We are infinitely perplexed by debates that arise between camps that should seemingly be in agreement and that are ostensibly working towards the same ends. Of late we have observed an artificially two-sided, black-and-white, green-and-brown debate over edible landscapes vs. ornamental ones. The most die-hard of edible landscape proponents insist that ornamental landscapes are wasteful and useless and that any available greenspace one has should be devoted to growing one’s own food. “Productive landscapes” they refer to them as. And so it goes that productive = good; ornamental = bad. In a flaccid attempt at infusing pop culture into the debate, one blogger went so far as to describe ornamental landscapes as “so ’80s,” in essence ignoring the 4,000+ year history of ornamental gardens. The whole debate recalls the native vs. non-native one in which native = good and non-native = weedy and bad. Black and white, green and brown, with us or against us.
Prairie-inspired front-yard landscape in Plano, TX
But what of those grey areas, and the proverbial areas of the color that green mixed with brown make? What of an ornamental landscape that is chock-full of pollinator-attracting perennials that provide food for the suffering monarch population? What of Perovskia atriplicifolia / Russian Sage, which, while not native to the US, blooms endlessly from June to October, attracts a staggering swath of pollinating bees, is remarkably drought-tolerant, and is completely non-invasive? Within these artificially two-sided debates, there is no room for these questions. It is as if, in an effort to bolster the validity of one’s mission – be it edibles, native plants, government spending, etc. – we feel compelled to eliminate the grey areas altogether, as they may weaken our respective missions or agendas. As a result, people working towards the same end of reducing the impact of humans on the environment are pitted against each other in a debate that shouldn’t be. The truth of the matter is that some people want to grow their own food, and some simply don’t (there’s nothing wrong with purchasing your produce from the farmers’ market, is there?). Some want a wild, all-native landscape, and some want something tidier while still including plants that will attract wildlife. Why we insist on diluting the validity of the sustainability movement through these artificially black-and-white arguments is beyond us.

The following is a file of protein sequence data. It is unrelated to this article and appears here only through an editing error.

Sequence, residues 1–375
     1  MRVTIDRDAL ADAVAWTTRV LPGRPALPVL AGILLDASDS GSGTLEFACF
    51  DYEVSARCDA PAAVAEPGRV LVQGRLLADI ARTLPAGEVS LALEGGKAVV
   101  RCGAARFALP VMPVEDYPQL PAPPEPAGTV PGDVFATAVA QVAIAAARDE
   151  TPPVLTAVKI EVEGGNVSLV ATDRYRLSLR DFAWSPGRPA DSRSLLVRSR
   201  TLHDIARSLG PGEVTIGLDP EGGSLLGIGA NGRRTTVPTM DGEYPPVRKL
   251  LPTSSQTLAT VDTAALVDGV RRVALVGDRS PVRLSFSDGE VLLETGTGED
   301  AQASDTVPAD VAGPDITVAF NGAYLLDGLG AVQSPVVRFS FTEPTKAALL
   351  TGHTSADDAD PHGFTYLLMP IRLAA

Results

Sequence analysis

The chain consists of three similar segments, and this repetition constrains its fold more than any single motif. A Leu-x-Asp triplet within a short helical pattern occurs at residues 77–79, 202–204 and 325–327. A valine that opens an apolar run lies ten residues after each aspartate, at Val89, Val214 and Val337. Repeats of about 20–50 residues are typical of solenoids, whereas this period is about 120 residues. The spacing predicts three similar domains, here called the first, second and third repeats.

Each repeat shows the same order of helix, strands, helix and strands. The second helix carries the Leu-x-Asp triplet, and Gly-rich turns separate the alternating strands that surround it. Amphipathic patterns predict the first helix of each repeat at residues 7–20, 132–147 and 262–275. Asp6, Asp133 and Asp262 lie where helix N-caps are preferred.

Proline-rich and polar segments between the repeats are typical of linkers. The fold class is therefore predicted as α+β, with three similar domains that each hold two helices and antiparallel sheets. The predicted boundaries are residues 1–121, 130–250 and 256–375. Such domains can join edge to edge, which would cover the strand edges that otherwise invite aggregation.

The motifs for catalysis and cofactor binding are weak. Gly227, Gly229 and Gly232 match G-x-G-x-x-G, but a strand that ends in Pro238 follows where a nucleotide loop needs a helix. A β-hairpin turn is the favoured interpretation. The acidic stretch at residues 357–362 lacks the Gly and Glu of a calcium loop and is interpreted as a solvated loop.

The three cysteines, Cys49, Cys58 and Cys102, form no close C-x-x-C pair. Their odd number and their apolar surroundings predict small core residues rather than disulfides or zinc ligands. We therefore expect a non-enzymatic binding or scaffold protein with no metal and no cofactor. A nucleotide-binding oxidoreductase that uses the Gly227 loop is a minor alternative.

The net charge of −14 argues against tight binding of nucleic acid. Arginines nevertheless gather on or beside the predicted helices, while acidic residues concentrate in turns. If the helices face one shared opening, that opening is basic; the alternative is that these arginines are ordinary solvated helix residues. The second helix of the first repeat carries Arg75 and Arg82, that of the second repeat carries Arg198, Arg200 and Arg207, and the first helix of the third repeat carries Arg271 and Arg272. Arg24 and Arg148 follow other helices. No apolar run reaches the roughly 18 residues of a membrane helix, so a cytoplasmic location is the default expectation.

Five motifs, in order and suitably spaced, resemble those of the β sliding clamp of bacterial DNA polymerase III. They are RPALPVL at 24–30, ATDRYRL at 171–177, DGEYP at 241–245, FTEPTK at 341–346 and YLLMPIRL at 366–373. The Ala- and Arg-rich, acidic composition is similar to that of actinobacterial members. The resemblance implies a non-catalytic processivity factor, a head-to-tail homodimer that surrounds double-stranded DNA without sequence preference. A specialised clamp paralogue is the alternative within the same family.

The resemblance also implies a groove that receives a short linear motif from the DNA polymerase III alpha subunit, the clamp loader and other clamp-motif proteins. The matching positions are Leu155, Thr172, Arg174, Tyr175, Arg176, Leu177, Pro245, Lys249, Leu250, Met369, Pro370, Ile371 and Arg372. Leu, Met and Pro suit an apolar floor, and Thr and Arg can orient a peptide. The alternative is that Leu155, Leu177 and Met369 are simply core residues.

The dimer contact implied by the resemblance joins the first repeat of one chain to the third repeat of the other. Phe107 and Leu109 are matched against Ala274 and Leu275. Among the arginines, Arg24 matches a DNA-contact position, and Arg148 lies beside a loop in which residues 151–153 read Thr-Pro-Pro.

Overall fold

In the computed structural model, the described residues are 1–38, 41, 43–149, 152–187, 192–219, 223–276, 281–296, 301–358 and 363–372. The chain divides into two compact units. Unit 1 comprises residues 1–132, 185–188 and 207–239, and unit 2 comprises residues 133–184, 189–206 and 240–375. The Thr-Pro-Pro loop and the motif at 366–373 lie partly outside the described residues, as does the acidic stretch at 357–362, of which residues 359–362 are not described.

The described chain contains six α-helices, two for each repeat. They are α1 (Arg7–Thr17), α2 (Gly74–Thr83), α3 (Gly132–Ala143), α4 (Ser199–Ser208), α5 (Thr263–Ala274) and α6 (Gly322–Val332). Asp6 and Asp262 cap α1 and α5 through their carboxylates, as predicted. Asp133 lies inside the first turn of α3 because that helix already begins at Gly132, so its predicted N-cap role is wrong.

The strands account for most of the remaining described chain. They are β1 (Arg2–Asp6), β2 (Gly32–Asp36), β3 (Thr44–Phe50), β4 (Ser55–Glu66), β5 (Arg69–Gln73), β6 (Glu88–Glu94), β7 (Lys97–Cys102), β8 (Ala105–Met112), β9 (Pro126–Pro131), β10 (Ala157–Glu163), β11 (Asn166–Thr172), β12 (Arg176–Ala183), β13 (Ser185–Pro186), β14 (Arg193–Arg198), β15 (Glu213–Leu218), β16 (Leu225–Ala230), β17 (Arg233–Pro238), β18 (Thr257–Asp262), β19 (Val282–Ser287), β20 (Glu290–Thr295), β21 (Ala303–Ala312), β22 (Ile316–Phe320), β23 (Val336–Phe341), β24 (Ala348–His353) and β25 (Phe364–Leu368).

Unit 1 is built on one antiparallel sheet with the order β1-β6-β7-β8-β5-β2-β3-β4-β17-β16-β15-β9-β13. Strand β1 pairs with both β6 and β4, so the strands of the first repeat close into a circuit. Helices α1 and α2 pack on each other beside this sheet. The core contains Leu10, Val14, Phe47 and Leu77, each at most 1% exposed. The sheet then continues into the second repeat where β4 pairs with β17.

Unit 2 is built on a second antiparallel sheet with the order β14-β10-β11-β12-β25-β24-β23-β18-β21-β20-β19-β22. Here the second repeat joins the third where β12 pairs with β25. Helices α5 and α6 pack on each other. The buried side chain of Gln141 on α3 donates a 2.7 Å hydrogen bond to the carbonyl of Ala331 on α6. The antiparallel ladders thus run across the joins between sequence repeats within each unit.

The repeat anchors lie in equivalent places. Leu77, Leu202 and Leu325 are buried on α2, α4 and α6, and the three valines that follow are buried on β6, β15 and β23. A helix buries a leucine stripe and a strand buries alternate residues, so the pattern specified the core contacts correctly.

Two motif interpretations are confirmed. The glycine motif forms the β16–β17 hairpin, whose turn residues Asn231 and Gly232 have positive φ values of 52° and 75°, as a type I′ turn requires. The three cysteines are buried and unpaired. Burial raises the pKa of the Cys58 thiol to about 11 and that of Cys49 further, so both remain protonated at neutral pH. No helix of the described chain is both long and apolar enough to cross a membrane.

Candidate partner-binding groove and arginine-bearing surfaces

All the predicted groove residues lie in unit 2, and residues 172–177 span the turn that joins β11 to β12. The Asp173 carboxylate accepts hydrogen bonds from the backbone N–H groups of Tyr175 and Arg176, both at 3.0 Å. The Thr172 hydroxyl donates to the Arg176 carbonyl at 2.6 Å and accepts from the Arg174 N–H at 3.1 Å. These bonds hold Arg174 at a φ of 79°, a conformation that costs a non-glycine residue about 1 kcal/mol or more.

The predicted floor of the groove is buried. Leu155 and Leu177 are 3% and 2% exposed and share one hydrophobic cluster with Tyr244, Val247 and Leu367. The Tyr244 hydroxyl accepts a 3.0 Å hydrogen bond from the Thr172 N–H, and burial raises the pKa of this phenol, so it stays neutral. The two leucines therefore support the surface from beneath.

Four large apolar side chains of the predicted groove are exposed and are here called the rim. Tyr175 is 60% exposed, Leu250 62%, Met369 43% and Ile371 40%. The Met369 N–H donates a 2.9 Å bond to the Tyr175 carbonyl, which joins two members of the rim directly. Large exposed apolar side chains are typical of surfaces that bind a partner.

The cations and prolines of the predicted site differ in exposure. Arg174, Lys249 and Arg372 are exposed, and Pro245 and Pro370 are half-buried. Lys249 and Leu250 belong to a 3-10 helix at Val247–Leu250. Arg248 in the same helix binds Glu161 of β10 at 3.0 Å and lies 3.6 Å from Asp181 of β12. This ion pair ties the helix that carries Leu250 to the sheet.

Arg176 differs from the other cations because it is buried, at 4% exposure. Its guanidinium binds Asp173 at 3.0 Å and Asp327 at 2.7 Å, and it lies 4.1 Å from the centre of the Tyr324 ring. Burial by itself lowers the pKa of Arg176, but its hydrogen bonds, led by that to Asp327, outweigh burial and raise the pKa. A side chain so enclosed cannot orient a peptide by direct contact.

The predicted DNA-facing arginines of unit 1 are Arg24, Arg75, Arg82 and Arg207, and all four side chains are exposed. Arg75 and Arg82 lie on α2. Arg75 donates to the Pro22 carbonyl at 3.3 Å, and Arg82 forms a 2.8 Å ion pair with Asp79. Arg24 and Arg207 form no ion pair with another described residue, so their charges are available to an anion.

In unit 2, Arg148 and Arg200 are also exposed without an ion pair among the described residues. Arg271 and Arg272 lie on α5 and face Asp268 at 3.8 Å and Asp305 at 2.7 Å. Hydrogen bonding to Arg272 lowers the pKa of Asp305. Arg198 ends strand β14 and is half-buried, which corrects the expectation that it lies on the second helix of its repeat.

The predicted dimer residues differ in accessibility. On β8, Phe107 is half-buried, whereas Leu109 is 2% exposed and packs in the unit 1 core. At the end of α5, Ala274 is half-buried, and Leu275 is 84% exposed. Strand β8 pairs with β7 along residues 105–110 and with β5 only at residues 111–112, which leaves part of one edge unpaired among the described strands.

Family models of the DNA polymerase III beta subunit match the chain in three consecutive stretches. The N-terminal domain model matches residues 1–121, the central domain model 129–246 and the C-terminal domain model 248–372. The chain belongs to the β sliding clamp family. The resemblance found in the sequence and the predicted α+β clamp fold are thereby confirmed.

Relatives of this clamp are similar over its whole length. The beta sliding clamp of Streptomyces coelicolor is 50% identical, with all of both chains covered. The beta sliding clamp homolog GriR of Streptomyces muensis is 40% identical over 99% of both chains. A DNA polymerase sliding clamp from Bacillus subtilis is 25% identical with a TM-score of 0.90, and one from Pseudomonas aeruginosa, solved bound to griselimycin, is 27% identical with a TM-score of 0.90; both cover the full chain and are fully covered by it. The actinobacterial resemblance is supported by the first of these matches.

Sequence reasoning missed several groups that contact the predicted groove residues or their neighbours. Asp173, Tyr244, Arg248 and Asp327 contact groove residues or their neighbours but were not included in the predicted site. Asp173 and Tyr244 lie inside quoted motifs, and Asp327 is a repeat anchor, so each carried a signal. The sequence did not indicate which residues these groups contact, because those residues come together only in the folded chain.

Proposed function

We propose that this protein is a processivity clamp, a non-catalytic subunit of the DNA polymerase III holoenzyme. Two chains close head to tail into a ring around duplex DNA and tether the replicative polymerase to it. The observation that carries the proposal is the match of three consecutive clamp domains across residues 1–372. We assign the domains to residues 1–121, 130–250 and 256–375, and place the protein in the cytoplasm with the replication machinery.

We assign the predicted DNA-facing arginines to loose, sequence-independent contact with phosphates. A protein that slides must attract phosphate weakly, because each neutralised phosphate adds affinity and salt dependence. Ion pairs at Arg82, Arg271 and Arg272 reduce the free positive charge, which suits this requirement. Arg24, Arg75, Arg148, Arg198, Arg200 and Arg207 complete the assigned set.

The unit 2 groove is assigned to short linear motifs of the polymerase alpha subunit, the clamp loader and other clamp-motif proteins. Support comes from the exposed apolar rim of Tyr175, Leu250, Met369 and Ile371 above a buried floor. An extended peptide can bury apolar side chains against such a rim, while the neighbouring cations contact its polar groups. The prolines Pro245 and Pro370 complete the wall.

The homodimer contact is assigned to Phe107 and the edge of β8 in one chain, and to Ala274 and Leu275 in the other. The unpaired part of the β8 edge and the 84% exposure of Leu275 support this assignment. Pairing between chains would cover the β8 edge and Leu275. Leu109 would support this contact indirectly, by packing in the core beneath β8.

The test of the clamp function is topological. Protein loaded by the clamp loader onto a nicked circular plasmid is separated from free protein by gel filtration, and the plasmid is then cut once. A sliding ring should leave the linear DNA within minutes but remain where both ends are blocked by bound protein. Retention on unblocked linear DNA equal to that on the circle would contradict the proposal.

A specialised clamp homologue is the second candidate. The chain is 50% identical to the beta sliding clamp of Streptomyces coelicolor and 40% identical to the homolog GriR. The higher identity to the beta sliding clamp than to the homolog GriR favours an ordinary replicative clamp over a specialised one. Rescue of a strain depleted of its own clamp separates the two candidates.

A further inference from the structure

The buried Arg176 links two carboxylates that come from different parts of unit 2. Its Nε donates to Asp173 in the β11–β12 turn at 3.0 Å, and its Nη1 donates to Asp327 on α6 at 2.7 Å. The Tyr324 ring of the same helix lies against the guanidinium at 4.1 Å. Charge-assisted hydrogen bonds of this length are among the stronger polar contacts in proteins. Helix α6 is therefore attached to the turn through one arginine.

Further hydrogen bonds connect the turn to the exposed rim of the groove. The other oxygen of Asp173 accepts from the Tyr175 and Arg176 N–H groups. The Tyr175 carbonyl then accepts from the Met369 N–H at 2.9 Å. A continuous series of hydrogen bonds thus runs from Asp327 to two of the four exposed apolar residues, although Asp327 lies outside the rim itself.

For more on the subject and grey areas, click here.